Two links of anchor chain forged from puddled iron, 1780-1869.
© Science Museum / Science & Society Picture Library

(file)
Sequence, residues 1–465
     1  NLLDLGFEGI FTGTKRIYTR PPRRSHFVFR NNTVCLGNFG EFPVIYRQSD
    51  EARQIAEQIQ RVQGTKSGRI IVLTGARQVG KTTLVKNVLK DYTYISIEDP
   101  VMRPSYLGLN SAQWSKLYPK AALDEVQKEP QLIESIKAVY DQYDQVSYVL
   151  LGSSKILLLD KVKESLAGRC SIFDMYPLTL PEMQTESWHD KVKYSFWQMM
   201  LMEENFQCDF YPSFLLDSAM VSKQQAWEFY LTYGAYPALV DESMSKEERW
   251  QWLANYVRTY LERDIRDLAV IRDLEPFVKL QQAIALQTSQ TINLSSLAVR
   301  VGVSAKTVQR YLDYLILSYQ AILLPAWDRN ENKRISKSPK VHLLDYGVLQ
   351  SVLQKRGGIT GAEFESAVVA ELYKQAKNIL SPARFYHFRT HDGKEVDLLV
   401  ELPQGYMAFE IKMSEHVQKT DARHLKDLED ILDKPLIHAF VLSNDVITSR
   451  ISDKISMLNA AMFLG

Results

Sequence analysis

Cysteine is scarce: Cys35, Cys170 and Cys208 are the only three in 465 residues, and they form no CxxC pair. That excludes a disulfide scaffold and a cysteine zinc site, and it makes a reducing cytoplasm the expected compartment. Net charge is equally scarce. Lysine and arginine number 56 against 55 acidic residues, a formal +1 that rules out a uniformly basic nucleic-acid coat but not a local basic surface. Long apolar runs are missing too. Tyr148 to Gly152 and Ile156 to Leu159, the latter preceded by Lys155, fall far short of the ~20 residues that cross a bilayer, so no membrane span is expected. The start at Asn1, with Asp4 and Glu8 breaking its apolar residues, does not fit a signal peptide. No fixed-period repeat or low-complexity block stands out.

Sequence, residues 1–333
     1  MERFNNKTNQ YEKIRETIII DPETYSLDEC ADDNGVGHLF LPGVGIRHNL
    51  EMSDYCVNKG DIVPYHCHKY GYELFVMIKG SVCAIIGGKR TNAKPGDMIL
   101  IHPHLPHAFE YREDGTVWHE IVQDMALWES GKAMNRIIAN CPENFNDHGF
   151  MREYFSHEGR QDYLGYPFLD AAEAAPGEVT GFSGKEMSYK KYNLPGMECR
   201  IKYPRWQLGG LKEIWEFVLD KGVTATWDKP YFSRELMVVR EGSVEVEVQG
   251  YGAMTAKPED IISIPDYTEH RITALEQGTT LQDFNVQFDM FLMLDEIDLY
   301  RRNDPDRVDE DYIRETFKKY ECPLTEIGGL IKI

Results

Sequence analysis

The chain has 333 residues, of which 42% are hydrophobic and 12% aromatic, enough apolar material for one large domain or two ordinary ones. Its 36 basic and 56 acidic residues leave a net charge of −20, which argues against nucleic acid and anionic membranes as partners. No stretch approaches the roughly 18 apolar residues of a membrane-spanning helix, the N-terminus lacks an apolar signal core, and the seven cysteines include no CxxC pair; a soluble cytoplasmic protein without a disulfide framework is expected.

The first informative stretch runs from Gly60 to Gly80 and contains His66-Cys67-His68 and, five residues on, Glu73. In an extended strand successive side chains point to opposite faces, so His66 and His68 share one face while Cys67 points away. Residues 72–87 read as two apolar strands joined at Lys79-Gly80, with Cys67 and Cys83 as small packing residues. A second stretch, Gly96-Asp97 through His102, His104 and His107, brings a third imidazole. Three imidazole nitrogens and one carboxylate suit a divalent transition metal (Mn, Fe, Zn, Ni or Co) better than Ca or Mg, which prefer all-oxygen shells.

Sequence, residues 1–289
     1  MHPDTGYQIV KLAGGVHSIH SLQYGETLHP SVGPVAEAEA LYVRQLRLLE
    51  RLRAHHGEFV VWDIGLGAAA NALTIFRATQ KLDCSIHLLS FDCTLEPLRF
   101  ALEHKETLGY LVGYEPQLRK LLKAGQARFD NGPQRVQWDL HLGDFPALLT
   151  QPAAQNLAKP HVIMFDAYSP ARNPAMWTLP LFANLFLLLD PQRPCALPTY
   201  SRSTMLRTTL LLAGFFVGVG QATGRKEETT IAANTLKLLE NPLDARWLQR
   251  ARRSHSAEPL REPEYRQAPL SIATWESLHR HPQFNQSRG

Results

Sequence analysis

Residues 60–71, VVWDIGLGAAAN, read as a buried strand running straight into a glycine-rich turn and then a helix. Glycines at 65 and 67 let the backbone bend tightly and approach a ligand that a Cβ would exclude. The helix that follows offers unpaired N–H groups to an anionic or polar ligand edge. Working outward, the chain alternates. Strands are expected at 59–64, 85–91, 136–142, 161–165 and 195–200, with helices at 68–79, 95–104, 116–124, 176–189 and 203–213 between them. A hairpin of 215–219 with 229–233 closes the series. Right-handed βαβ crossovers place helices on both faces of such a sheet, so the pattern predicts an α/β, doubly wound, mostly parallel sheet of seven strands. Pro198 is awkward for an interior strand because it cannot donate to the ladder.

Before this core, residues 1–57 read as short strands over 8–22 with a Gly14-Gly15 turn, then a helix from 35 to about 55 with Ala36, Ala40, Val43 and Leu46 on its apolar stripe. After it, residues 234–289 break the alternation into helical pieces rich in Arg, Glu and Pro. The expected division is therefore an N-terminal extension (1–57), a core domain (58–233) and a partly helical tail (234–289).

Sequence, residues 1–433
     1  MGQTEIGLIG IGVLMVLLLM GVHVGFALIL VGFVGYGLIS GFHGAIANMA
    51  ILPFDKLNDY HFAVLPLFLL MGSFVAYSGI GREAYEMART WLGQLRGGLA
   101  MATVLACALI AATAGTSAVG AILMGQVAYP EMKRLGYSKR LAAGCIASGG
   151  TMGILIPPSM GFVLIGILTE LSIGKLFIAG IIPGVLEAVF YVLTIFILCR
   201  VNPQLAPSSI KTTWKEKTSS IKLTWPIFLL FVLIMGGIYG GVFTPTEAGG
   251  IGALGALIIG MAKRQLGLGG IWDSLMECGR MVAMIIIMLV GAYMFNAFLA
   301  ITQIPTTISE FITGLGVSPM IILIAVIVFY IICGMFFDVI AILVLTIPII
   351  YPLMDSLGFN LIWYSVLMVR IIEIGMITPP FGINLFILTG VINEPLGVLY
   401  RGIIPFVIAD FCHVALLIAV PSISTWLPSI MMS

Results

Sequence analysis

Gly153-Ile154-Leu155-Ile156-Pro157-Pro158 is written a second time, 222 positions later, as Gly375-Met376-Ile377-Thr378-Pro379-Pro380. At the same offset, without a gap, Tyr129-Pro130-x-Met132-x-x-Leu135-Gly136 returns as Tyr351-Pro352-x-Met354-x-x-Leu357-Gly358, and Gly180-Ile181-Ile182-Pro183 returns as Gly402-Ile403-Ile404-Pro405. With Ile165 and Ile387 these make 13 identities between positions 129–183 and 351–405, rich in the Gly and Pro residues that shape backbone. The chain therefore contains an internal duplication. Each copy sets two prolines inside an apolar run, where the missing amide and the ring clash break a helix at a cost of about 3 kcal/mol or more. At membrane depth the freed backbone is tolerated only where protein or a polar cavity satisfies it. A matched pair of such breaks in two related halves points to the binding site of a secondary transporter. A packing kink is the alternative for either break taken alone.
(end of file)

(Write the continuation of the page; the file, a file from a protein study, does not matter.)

Two links of chain, with cast iron stubs. Puddling is a technique, perfected by Henry Cort in 1784, for making pure iron from pig iron. The pig iron is melted in a furnace, with powdered iron oxide stirred in to drive off the slag. As the purity of the iron increases, its melting point rises. It eventually forms a viscous mas, which is then removed and hammered or rolled into the required shape. Puddling superseded wrought iron working by hand and the introduction of the technique made a significant contribution to the industrial revolution. The method is rarely used today.